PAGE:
Honey. We've all heard about the bee disappearance and wondered whether we'd be seeing a honey shortage. Well, here's another reason to be worried about the sweet, sweet bee juice: honey laundering.

Top image: african bees like honey by Evan Bench/flickr/ CC By 2.0

Yes, honey laundering. Real honey is almost magical, but we may not be getting the good stuff. A fascinating New York Times article delves deep into the world of secret honey imports. In 2001, high tariffs were imposed on honey from China — triple the previous rate, in fact — in response to complaints from domestic honey producers that they were flooding the market. At the same time, completely coincidentally, honey imports from other countries, some without large bee populations, spiked. And so did imports of fake honey.

As a result, honey is now being tested by the Customs and Border Protection's lab in Savannah, Georgia:

In recent years, scientists have demonstrated that subtle chemical variations in many foods, including honey — undetectable to the tongue or the naked eye — can give a strong indication of where it originated. The C.B.P.'s analytic work depends, in part, on these naturally occurring geographic "tracers."

Once a sample is diluted, the liquid is pumped into a device called a mass spectrometer that is about the size of an office copier. Inside, a nebulizer turns the sample into a fine mist over heated argon, a process that yields a distinct signature of trace elements.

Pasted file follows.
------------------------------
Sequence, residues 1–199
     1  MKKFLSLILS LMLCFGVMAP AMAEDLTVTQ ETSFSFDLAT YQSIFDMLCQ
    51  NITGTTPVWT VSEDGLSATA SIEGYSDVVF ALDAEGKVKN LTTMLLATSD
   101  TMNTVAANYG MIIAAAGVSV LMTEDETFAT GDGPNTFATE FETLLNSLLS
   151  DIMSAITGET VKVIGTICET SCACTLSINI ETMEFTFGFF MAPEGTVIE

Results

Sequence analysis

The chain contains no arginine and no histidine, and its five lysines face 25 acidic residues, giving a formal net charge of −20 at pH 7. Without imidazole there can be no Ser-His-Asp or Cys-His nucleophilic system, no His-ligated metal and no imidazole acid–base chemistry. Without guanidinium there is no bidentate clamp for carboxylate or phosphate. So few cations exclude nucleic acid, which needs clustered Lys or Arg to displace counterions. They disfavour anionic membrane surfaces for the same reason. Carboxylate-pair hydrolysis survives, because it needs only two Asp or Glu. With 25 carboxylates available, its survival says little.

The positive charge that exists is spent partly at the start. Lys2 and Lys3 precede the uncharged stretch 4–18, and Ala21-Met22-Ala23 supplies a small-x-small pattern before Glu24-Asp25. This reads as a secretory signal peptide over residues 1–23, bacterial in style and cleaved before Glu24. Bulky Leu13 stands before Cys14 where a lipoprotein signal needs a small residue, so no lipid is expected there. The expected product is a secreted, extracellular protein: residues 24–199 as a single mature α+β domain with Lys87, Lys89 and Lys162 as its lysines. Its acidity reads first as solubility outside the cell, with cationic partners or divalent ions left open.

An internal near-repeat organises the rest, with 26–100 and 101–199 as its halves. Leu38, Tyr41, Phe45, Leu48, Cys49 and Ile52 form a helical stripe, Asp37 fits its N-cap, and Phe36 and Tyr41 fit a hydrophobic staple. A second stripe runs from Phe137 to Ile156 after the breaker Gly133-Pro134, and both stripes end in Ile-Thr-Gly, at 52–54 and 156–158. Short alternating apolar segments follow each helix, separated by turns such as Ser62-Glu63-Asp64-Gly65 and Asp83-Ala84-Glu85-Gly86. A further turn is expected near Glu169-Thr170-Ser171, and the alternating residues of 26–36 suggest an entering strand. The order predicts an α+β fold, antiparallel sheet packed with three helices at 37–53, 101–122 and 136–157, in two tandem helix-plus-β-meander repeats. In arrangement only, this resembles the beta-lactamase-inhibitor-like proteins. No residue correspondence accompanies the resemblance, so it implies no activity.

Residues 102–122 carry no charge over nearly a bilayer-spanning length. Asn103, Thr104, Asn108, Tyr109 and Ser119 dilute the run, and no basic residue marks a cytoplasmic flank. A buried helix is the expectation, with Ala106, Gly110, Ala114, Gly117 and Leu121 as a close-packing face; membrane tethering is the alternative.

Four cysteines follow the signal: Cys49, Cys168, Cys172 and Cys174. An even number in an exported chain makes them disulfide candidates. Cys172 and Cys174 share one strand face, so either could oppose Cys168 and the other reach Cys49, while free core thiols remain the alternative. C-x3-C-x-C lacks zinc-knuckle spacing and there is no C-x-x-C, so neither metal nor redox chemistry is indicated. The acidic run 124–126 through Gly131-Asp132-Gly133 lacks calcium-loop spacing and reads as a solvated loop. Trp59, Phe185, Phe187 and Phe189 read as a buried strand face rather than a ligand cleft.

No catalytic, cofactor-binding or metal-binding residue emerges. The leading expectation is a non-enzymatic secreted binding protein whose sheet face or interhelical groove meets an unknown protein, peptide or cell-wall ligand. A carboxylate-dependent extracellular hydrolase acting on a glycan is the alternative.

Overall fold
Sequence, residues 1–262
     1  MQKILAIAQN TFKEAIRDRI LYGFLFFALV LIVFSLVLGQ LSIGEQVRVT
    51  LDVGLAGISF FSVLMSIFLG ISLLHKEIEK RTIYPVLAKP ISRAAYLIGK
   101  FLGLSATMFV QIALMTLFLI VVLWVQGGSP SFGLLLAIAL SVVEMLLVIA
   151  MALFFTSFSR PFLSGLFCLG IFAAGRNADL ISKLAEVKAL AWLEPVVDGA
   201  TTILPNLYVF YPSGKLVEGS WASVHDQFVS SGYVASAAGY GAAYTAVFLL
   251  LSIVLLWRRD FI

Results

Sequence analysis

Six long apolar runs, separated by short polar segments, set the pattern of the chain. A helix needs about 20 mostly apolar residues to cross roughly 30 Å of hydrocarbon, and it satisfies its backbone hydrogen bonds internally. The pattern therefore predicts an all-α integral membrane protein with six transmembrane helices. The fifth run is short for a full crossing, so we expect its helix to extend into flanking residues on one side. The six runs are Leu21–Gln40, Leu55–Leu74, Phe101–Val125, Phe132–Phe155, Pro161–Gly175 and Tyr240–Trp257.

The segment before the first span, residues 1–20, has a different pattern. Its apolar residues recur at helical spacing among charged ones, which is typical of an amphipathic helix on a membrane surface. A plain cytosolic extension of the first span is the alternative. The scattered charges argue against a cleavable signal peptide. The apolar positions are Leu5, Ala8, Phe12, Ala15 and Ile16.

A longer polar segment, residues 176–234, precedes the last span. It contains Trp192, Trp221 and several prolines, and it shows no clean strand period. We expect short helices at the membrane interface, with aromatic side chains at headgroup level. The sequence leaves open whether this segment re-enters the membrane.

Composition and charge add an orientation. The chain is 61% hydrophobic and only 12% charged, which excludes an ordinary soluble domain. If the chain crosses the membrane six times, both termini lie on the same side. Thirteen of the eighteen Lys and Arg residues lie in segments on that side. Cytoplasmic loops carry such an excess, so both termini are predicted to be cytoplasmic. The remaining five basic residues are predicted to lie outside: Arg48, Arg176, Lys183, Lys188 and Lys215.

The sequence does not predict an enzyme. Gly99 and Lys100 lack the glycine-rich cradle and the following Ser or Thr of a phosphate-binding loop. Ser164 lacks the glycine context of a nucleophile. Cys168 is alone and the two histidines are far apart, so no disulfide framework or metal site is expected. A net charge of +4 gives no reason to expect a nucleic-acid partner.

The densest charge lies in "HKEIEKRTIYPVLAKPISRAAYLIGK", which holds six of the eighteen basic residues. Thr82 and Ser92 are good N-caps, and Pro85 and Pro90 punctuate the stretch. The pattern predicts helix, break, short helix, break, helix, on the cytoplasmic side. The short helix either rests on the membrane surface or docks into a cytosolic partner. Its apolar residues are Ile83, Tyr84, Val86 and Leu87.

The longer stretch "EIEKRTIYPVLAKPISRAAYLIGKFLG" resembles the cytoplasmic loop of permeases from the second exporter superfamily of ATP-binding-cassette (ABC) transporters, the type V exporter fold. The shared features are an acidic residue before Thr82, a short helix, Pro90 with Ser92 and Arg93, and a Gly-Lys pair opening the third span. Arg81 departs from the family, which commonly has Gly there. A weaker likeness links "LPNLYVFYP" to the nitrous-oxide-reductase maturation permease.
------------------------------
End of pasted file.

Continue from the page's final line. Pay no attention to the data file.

The spectrometer can measure chromium, iron, copper and other elements to several parts per quadrillion. Each combination of trace metals reflects the composition of certain soils: The elements were taken up by flowering plants and then foraged by bees.

Soils vary from region to region, and by statistically comparing the presence of some 40 different elements to a reference database collected by C.B.P. attachés and employees, the scientists can ascertain the probable origins of many samples.

This not only determines if Chinese honey is being "laundered" by countries like Thailand, the Philippines and Russia, but also the ratio of real honey to rice syrup in the substances being imported:

"An importer could present goods to Customs and say, 'This is 90 percent rice syrup, 10 percent honey,' and Customs really has no way of knowing," said Michael J. Coursey, a lawyer in Washington who has represented American honey producers.

... In 2011, the government accused three companies of importing millions of dollars' worth of rice fructose blend that in fact was mostly taxable honey. The importers said the product was less than 50 percent honey.

The scientists at the Savannah lab swung into action, producing evidence that pollen abundance in the blends showed the substance to be mostly honey. But defense lawyers challenged the research on scientific grounds.

Read the whole thing at the New York Times.